Sport studies students learn about education, culture and sports on study abroad trip to Australia
The trip was led by two Xavier associate professors of sport studies
College students from 11 states, including five from Xavier, traveled to Australia in May to study global educational concepts and culture while learning about common Australian sports from the perspectives of sport management and athletic training. The athletic training, sport management and sport marketing majors attended lectures by Australian professionals and faculty, visited sport facilities and took a bush walk in an Australian rainforest.
The trip was led by Xavier associate professors of sport studies Lisa S. Jutte, PhD, and Linda J. Schoenstedt, EdD. The program gave students course credit in International Sports Medicine or International Sport.
“Australia considers itself the sports-craziest country in the world,” said Schoenstedt. “From a management standpoint, sport is increasingly global—the Olympics, World Cup, potential NBA and NFL franchises overseas, etc. We looked at how facilities built in Australia’s two Olympic sites in Melbourne and Sydney are being used today. Those built in Beijing for the 2008 Olympics are not being used at all. Old facilities should be managed and used for the public good.“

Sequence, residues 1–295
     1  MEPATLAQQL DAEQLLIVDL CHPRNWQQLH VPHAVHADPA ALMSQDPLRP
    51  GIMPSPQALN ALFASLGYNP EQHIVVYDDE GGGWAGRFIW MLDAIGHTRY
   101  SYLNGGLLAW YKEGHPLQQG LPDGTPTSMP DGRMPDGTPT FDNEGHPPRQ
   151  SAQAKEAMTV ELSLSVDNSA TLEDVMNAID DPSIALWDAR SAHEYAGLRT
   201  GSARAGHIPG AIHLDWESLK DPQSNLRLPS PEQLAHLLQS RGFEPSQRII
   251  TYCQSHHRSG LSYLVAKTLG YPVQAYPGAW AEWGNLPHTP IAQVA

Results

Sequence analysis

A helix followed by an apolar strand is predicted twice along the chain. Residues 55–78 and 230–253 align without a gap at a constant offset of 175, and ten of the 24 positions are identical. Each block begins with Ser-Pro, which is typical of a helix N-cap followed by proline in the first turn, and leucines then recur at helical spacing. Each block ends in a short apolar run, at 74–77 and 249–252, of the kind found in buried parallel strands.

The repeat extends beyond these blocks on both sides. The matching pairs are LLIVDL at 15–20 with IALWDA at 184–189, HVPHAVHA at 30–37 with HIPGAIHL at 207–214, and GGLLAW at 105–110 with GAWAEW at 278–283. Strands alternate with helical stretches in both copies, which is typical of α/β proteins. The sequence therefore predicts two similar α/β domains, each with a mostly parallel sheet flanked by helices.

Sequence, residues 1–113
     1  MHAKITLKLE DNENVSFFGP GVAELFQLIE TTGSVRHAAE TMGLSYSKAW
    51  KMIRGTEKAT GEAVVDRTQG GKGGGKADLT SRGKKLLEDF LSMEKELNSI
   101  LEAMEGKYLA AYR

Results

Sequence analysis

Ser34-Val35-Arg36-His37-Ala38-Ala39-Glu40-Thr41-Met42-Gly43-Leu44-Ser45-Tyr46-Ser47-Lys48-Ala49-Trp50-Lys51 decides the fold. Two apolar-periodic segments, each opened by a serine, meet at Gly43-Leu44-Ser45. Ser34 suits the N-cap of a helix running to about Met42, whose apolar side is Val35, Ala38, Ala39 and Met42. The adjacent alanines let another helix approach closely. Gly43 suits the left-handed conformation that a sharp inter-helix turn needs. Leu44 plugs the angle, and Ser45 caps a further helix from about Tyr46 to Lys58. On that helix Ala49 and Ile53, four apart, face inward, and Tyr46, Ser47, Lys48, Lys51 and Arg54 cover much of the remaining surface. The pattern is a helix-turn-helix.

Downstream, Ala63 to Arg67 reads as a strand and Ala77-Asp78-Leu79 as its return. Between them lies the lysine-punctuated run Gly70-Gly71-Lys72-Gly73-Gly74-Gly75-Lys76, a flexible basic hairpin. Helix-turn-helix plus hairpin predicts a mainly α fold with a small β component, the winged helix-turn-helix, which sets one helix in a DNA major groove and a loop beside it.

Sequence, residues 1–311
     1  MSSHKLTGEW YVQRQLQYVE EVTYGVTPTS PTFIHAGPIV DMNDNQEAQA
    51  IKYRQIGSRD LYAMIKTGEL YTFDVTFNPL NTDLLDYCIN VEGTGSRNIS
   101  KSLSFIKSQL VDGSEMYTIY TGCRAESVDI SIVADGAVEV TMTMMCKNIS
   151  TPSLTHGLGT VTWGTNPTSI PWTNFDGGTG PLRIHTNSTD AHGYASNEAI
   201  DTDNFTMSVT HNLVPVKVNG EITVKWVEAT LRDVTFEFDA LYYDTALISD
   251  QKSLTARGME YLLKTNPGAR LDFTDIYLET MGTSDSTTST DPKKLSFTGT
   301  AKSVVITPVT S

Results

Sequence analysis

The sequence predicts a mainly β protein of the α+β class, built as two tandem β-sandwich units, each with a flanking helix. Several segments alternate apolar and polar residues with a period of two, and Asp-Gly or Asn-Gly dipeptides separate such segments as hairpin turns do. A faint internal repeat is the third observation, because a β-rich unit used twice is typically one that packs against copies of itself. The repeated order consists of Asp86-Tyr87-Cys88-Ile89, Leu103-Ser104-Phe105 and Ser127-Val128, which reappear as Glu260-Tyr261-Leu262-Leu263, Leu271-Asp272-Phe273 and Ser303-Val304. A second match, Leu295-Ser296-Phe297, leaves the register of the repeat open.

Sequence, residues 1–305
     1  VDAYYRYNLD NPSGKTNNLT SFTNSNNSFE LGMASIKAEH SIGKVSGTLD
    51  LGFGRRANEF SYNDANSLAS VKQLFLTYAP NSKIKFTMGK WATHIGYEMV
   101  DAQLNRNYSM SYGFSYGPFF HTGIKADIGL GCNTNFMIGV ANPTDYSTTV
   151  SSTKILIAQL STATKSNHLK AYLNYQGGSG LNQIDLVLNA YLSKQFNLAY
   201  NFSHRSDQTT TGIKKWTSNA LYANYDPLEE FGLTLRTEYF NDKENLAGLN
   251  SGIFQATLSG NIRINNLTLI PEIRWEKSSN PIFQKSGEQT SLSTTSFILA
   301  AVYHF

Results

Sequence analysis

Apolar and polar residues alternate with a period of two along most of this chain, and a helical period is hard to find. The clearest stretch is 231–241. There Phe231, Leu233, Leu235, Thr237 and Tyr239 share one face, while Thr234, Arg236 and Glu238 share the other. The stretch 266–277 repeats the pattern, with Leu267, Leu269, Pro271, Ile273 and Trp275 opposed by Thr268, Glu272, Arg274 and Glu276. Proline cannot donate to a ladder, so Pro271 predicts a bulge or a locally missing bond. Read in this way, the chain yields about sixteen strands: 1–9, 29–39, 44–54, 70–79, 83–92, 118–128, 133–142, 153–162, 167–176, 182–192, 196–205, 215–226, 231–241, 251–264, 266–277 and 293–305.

Schoenstedt said Australia is a good country for study sports because it has the second largest obesity problem in the world after the United States.
“From a health care point of view, students are expected to improve their cultural competency,” said Jutte. “This includes understanding patient needs in all cultures. Visiting another culture helps students better understand their own culture and become aware of other cultures.”
The group spent time in four cities. In Lennox Head, they learned about surfing, rugby, cricket, related injuries and sport tourism. They hiked the rainforest and studied the Australian healthcare system. In Sydney, they toured Olympic Park and Taronga Zoo, attended a sport medicine lecture and spent a day shadowing people in jobs of interest to them.
In Canberra, they toured the Australian Institute of Sport, the War Memorial, New Parliament and the National Museum of Australia and attended a rugby game. In Melbourne, they toured the University of Melbourne sports facility and attended lectures on sports medicine and sports capital improvement. After another day of job shadowing, they toured the Melbourne Cricket Grounds and on-site healthcare facilities and visited the National Sports Museum. They spent one day touring Philips Island and another on an Aboriginal tour.
Students were given pre- and post-trip assignments, kept a journal, completed other assignments, and participated in discussion sessions. After the trip ended, students submitted a final project related to their discipline. The group kept a blog of their trip experiences.
Xavier’s sport studies department offers undergraduate degrees in sport management, sport marketing and athletic training, as well as a master's degree in sport administration.